Sometimes its okay to have things in moderation. For example, take saturated fats. Its not good to eliminate all saturated fats-- you actually need a small amount for your body to function properly. But eating a high-fat diet will lead you down a path of destruction. In the same token, we know that full-strength baking soda and hydrogen peroxide are safe in small amounts. But too much will lead your teeth down that path of destruction.

In fact, with some patients there are times where I do not recommend daily use of gritty toothpastes (Crest and Arm & Hammer) because they are too harsh. Instead, I recommend the most basic, simplest form of toothpaste (like Aim). Most basic toothpastes are located on the lowest shelf and cost less than one dollar. Just make sure it has Fluoride in it.

Some people say that baking soda isn't hard enough to scratch the enamel. I don't know the answer to that, but my reply is even if that is true, it is certainly hard enough to brush away your soft gums. Others say hydrogen peroxide is good because it kills mouth germs. While that may be true, there are also healthy bacteria in your mouth that shouldn't be killed.

So, what DO we know?

We know that most people brush too hard. Add an abrasive in its full-strength form, like baking soda, and well, this single fact alone, is reason to stick with toothpaste.

We know that, unless you are a dentist or dental hygienist, you don't have any idea what is actually happening in your mouth. We go to school for years and years, learning how to do what is best for the patient. At least TRY to trust us.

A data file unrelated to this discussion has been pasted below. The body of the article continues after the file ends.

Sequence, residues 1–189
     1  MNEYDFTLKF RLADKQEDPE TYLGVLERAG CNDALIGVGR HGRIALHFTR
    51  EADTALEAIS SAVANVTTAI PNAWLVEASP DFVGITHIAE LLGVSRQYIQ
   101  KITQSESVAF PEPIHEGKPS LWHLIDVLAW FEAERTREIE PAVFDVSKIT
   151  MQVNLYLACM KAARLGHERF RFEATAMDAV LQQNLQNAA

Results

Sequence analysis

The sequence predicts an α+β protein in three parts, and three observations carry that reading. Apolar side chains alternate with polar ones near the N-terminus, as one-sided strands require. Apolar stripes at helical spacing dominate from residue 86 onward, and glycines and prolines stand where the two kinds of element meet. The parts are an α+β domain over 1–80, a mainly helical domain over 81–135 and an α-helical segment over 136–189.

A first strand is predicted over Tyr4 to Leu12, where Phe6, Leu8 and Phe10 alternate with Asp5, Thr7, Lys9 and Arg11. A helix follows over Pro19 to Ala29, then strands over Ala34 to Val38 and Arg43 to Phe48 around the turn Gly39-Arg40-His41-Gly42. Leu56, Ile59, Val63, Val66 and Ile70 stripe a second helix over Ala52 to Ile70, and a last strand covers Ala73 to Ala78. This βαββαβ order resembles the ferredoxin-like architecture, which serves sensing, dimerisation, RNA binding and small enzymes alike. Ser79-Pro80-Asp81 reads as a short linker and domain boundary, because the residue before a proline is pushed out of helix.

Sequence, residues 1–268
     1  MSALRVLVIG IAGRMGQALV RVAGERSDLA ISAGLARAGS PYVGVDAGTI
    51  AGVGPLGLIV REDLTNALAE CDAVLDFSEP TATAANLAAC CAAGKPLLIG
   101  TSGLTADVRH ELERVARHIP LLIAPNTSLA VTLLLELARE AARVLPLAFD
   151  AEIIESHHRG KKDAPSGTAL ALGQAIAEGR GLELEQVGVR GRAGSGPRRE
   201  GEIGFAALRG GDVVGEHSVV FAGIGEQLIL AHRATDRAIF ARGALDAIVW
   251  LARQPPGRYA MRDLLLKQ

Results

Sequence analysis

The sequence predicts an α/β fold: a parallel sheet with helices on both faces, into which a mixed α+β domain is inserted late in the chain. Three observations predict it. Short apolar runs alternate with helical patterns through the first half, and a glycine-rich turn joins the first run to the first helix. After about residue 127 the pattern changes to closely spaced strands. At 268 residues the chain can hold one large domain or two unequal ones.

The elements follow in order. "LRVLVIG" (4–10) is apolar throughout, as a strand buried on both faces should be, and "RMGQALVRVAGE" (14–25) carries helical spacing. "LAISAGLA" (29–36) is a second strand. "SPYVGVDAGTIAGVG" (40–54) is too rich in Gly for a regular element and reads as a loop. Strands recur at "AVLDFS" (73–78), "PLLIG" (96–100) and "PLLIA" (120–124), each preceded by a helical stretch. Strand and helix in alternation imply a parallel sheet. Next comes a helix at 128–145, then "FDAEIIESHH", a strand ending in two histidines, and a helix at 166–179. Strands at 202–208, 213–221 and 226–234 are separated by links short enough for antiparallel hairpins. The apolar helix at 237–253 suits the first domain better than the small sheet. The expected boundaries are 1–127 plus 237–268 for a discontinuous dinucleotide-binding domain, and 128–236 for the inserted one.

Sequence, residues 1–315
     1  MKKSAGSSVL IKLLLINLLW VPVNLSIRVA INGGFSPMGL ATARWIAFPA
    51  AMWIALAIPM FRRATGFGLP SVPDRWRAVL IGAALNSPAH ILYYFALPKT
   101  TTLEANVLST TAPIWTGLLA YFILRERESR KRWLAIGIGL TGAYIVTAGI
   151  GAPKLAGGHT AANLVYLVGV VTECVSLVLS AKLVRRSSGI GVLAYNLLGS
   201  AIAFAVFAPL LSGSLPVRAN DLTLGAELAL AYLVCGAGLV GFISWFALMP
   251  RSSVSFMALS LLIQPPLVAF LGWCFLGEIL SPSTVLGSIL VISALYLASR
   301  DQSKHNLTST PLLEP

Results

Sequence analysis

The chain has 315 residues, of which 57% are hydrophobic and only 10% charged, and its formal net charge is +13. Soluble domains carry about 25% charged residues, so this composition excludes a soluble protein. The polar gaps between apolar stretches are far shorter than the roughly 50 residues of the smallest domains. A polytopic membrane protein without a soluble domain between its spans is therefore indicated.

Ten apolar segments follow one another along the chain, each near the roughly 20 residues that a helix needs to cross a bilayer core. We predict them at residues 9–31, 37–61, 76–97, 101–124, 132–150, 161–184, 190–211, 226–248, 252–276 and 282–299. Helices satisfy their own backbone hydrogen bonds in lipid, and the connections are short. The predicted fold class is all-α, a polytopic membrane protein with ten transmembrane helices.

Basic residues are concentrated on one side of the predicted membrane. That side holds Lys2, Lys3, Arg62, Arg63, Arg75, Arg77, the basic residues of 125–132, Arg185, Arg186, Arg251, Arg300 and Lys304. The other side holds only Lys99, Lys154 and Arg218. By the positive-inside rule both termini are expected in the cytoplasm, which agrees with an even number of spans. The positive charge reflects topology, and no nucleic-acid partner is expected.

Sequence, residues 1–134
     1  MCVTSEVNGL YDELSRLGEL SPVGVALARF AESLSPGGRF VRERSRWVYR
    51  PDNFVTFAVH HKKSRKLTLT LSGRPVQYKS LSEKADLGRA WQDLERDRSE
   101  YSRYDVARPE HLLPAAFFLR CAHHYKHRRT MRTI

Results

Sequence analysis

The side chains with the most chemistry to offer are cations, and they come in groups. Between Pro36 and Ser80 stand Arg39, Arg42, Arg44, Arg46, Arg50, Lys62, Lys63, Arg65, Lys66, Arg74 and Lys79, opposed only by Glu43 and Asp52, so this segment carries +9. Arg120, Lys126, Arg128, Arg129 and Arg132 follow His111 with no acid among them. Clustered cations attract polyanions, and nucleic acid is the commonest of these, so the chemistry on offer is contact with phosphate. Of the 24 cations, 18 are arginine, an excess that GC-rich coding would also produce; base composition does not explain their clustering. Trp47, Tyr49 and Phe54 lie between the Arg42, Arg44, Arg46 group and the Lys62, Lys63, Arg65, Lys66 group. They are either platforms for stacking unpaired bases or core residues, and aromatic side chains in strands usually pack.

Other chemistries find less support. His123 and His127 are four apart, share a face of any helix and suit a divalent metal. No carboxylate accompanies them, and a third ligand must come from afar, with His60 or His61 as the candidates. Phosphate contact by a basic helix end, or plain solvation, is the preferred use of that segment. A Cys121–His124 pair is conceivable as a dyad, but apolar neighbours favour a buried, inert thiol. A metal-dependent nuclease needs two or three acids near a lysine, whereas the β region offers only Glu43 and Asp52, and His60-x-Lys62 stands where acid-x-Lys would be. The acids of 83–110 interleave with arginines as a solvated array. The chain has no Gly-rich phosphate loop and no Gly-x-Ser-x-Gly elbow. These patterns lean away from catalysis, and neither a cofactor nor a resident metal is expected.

It comes down to two points:

1. Using baking soda instead of toothpaste will probably, most likely brush your enamel AND gums away... making you look something like this. Notice the spaces between the teeth and how long the teeth are.

Do you think this person smiles alot? Or feels confident in his/her appearance? Those bottom teeth are loose. The entire mouth is going to be very sensitive, and they probably have trouble chewing. This condition requires a cleaning every 12 weeks, plus a ton of restorative work and surgery to prevent further damage.

2. Hydrogen Peroxide is a known carcinogen with long-term use. Do I really need to say more about that? Again, the amounts in dental products are small, and they are closely regulated. Wouldn't you rather play it safe? This is a picture of just one type of possible oral cancer. Google 'oral cancer' for some other, more shocking, types...
So what should you do?

Like I tell all my patients, what you do with your body is completely up to you. Your body. Your life. I'm only trying to make it a little easier for you.

But wouldn't you rather play it safe? Or at least as safe as we know how to be?

PLEASE, stop using baking soda + hydrogen peroxide. If you don't stop, I guarantee that 20 years down the road you will regret it. Man up and use toothpaste.

If you still have questions, I'm here for you.

Your friendly dental hygienist, (m)

*As always, I try to present the most current, valid, un-biased facts on dentistry. I promise I will clearly note when I am giving my opinion, and not facts. The medical field is always changing, so when new research comes out, I will do my best to update you. If you are curious to know where I get my facts, please go here and here or feel free to contact me.